Neural substrates of spatial processing and navigation in blindness: An activation likelihood estimation meta-analysis

Maxime Bleau, Samuel Paré, Daniel Robert Chebat, Ron Kupers, Joseph Paul Nemargut, Maurice Ptito

Research output: Contribution to journalReview articlepeer-review

3 Scopus citations

Abstract

Even though vision is considered the best suited sensory modality to acquire spatial information, blind individuals can form spatial representations to navigate and orient themselves efficiently in space. Consequently, many studies support the amodality hypothesis of spatial representations since sensory modalities other than vision contribute to the formation of spatial representations, independently of visual experience and imagery. However, given the high variability in abilities and deficits observed in blind populations, a clear consensus about the neural representations of space has yet to be established. To this end, we performed a meta-analysis of the literature on the neural correlates of spatial processing and navigation via sensory modalities other than vision, like touch and audition, in individuals with early and late onset blindness. An activation likelihood estimation (ALE) analysis of the neuroimaging literature revealed that early blind individuals and sighted controls activate the same neural networks in the processing of non-visual spatial information and navigation, including the posterior parietal cortex, frontal eye fields, insula, and the hippocampal complex. Furthermore, blind individuals also recruit primary and associative occipital areas involved in visuo-spatial processing via cross-modal plasticity mechanisms. The scarcity of studies involving late blind individuals did not allow us to establish a clear consensus about the neural substrates of spatial representations in this specific population. In conclusion, the results of our analysis on neuroimaging studies involving early blind individuals support the amodality hypothesis of spatial representations.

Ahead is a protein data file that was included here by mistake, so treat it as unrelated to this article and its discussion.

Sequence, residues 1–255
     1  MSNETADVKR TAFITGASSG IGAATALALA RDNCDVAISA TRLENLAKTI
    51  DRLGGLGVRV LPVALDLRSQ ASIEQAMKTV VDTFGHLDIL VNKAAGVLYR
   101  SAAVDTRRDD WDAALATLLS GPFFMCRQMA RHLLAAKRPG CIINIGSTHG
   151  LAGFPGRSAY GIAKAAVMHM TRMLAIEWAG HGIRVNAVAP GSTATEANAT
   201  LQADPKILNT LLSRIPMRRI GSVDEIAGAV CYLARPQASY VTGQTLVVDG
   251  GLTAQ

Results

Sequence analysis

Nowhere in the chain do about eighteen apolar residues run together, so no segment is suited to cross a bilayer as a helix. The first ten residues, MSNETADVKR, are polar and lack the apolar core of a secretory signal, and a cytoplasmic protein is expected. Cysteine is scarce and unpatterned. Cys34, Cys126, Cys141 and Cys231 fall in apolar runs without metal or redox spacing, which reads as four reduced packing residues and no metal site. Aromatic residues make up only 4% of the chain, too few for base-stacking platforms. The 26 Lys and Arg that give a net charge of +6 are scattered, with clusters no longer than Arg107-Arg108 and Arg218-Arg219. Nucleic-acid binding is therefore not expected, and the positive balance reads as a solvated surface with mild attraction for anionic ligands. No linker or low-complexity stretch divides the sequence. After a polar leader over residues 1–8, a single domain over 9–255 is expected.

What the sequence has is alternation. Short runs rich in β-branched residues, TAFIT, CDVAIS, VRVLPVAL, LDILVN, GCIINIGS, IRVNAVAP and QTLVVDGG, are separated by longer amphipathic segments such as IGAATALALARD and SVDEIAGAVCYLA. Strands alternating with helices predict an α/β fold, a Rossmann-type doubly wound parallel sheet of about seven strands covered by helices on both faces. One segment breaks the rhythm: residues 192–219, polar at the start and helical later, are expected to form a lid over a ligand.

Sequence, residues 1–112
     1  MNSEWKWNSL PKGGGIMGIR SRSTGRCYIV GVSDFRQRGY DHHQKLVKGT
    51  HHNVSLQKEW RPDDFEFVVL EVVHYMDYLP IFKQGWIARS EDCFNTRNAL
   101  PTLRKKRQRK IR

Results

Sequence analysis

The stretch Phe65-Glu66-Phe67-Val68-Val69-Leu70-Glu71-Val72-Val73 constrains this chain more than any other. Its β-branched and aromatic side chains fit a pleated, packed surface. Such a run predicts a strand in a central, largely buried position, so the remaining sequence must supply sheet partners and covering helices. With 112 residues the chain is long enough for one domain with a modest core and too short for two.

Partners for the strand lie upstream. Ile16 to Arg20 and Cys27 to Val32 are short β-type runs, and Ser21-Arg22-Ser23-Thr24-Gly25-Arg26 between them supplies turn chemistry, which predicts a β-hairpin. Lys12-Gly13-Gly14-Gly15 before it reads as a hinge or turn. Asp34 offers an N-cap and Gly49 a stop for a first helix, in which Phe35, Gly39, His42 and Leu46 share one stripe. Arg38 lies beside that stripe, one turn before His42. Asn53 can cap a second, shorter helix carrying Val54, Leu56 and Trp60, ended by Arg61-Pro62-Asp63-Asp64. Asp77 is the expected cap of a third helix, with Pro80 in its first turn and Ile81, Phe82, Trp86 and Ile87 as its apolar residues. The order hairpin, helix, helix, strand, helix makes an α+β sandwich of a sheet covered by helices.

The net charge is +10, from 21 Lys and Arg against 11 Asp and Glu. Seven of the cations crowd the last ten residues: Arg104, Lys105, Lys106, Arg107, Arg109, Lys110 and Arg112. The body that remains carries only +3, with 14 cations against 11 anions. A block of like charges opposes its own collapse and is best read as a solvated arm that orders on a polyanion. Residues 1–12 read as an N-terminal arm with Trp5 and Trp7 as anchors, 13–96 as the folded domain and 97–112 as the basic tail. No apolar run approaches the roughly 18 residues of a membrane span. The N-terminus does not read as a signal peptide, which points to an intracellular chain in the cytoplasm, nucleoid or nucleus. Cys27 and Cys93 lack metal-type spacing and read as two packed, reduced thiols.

Original languageEnglish
Article number1010354
JournalFrontiers in Neuroscience
Volume16
DOIs
StatePublished - 20 Oct 2022

Keywords

  • MRI
  • amodality
  • meta-analysis
  • neuroimaging
  • neuroplasticity
  • spatial navigation
  • spatial processing
  • visual impairments and blindness

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